On September 20, 2007 the Building Standards Commission approved the Office of the State Fire Marshal’s emergency regulations amending the California Code of Regulations (CCR), Title 24, Part 2, known as the 2007 California Building Code (CBC).
“701A.3.2 New Buildings Located in Any Fire Hazard Severity Zone.
New buildings located in any Fire Hazard Severity Zone within State Responsibility Areas, any Local Agency Very-High Fire Hazard Severity Zone, or any Wildland-Urban Interface Fire Area designated by the enforcing agency for which an application for a building permit is submitted on or after January 1, 2008, shall comply with all sections of this chapter. New buildings located in any Fire Hazard Severity Zone shall comply with one of the following:
1. State Responsibility Areas.New buildings located in any Fire Hazard Severity Zone within State Responsibility Areas, for which an application for a building permit is submitted on or after January 1, 2008, shall comply with all sections of this chapter.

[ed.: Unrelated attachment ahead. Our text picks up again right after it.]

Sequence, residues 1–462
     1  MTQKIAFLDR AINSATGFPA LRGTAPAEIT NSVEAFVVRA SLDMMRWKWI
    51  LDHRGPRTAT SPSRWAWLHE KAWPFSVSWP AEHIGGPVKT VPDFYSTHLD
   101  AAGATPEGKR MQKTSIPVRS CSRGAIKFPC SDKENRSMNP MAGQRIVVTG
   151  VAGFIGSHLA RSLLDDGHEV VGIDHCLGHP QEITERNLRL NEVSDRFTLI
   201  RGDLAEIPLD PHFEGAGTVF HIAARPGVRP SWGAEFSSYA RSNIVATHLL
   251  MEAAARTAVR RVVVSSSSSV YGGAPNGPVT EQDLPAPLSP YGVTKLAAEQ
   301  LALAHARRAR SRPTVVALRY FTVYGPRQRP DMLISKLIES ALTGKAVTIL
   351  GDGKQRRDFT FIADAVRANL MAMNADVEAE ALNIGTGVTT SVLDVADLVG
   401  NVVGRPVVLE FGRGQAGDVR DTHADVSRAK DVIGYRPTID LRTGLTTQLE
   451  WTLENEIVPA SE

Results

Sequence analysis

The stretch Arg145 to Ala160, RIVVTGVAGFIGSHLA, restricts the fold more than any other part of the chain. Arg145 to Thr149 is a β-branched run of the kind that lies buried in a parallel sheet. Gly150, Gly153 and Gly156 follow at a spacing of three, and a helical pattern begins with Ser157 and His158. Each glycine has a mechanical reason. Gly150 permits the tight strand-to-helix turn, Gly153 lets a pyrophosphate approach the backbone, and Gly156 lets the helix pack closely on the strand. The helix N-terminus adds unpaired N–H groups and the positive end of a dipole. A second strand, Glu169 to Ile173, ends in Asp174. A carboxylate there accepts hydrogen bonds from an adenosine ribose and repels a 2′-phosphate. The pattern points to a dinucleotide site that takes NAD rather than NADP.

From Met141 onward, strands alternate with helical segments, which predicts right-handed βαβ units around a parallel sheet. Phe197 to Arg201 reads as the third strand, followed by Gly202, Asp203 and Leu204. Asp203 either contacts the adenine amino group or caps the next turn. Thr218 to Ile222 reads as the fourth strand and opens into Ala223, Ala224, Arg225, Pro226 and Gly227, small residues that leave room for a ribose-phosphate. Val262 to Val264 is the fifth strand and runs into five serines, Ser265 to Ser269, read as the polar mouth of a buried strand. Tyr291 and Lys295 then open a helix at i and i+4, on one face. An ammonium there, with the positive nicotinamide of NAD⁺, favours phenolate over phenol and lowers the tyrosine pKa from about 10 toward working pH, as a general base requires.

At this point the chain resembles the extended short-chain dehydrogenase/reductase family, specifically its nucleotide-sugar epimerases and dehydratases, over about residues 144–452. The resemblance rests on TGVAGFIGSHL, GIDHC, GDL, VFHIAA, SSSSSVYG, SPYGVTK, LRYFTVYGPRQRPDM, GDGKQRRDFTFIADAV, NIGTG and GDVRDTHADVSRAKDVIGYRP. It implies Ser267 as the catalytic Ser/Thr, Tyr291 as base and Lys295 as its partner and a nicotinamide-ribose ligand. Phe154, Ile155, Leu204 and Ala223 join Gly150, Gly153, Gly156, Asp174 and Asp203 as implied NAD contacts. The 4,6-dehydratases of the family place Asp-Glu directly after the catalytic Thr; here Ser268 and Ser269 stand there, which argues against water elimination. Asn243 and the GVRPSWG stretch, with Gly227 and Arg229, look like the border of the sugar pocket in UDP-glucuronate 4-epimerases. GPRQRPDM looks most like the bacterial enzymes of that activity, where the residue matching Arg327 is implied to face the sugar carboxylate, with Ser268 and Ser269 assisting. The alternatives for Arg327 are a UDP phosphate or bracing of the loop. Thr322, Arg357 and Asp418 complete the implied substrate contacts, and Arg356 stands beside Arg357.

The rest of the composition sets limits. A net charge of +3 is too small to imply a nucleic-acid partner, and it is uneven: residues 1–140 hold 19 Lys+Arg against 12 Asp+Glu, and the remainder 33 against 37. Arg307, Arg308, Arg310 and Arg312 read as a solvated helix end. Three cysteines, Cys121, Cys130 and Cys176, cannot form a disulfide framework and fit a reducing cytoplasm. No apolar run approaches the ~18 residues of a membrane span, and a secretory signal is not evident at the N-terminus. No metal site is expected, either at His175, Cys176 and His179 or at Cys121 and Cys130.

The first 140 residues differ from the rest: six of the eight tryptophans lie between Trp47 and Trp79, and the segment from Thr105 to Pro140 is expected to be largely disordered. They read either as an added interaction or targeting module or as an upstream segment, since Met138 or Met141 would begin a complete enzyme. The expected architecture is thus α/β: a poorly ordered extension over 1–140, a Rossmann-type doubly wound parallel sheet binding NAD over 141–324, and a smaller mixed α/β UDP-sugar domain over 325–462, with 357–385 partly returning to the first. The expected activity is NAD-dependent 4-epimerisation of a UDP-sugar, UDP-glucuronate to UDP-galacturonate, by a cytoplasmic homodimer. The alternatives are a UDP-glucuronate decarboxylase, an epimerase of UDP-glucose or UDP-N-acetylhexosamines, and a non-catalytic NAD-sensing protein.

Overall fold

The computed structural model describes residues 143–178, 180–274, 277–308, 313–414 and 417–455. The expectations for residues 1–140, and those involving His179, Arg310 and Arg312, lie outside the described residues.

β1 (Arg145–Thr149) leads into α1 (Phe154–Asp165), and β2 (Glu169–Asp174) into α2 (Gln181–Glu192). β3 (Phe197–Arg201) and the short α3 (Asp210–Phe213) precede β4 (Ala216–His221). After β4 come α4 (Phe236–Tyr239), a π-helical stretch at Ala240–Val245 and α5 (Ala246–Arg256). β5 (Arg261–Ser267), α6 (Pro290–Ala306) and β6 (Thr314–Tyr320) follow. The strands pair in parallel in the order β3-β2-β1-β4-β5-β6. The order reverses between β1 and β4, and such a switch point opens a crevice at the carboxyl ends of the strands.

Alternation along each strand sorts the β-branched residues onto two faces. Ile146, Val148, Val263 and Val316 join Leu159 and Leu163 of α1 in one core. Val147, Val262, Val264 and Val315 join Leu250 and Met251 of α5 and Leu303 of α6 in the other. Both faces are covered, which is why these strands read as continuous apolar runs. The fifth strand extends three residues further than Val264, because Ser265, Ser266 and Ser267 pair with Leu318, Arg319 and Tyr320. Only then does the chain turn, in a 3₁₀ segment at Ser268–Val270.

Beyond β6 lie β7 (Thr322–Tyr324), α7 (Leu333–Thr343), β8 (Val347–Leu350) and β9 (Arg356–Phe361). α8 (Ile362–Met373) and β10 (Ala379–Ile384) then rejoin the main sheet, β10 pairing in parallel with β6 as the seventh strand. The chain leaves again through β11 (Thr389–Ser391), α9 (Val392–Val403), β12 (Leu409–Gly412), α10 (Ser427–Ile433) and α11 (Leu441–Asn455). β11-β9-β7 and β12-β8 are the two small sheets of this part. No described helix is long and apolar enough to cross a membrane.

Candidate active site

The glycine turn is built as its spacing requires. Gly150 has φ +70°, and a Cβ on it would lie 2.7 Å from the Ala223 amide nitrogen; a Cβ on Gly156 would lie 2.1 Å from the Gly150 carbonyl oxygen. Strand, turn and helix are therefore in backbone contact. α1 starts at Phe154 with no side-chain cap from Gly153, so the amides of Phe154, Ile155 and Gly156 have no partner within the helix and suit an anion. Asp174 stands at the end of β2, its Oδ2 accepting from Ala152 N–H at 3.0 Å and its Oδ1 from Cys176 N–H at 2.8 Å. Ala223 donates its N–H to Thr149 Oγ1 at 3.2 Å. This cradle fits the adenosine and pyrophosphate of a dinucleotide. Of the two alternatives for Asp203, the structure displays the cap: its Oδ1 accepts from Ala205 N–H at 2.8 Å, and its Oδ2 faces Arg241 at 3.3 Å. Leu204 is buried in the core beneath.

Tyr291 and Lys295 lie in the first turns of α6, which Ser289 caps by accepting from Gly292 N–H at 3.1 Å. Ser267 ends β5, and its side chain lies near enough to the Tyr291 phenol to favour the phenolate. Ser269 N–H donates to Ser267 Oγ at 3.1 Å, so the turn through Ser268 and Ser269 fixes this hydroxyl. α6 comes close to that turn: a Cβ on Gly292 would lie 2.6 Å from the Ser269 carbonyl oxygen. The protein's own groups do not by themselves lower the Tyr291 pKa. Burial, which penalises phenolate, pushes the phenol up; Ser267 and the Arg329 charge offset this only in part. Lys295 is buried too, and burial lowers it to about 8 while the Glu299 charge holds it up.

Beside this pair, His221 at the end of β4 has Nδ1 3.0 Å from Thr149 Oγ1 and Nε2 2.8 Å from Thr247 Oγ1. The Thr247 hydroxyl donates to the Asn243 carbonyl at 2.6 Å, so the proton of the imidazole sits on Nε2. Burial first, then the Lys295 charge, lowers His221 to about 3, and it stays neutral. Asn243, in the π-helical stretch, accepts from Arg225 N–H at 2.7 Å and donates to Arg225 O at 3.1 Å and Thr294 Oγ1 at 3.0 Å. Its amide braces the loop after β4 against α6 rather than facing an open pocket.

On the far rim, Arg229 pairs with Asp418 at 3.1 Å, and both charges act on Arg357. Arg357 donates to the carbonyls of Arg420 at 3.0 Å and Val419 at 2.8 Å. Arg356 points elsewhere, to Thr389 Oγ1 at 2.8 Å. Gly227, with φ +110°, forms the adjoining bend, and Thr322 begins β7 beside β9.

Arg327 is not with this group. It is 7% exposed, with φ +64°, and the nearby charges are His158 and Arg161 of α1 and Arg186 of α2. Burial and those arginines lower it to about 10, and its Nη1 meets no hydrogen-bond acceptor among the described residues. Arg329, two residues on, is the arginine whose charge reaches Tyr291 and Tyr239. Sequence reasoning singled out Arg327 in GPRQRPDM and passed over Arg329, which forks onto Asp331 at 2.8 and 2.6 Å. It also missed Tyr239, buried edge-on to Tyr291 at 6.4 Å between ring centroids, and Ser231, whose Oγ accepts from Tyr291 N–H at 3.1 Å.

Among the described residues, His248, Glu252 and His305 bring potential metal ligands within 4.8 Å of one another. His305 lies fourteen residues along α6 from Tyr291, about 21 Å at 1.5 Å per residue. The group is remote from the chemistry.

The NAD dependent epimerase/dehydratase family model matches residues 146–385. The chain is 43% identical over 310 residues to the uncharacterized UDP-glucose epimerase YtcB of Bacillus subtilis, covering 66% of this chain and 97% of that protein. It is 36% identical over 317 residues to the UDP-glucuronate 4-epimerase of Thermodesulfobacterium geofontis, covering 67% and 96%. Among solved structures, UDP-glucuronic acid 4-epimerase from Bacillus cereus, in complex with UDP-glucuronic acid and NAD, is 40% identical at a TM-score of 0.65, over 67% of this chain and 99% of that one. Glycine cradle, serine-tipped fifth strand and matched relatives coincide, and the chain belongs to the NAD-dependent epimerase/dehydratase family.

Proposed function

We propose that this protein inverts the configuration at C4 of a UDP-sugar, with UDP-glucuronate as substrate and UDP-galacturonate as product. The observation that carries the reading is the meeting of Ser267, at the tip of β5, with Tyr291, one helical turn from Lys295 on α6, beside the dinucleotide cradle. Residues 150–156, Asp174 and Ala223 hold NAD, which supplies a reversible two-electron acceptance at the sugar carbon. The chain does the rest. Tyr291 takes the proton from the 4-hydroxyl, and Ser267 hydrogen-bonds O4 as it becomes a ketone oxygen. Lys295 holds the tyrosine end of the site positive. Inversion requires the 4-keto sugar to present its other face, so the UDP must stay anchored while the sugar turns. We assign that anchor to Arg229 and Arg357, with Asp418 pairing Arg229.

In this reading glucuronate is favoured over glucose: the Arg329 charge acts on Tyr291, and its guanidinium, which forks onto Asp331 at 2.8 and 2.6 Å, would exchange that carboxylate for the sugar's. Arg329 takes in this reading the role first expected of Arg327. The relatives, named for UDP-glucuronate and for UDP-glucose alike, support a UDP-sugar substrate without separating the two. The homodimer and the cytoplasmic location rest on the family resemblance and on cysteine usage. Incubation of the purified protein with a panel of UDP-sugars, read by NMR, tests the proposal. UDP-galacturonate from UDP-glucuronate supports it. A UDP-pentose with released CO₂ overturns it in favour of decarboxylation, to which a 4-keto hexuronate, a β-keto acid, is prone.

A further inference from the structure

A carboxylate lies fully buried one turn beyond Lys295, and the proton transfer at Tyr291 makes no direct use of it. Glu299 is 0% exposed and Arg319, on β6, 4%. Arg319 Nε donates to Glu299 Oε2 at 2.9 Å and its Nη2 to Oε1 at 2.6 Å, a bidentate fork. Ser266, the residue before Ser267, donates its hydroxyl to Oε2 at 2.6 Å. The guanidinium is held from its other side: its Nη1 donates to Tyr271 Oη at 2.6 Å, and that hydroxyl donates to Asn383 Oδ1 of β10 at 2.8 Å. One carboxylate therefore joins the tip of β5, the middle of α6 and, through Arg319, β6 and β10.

2. Local Agency Very-High Fire Hazard Severity Zone.New buildings located in any Local Agency Very-High Fire Hazard Severity Zone for which an application for a building permit is submitted on or after July 1, 2008, shall comply with all sections of this chapter.
3. Wildland-Urban Interface Fire Area designated by the enforcing agency.New buildings located in any Wildland-Urban Interface Fire Area designated by the enforcing agency for which an application for a building permit is submitted on or after January 1, 2008, shall comply with all sections of this chapter.
Information Bulletins” and formal state building standards “Code Interpretations” pertaining to wildfire protection building codes are available from the Office of the State Fire Marshal.
Project specific questions should be addressed by the agency having jurisdiction of the project. They may have more restrictive requirements in local ordinances.
New Building Standards have been adopted for areas within local jurisdiction Very High Fire Hazard Severity Zones and in the State Responsibility Areas (SRA). Phase I of the standards are already in effect. Phase II standards will go into effect January 1, 2008.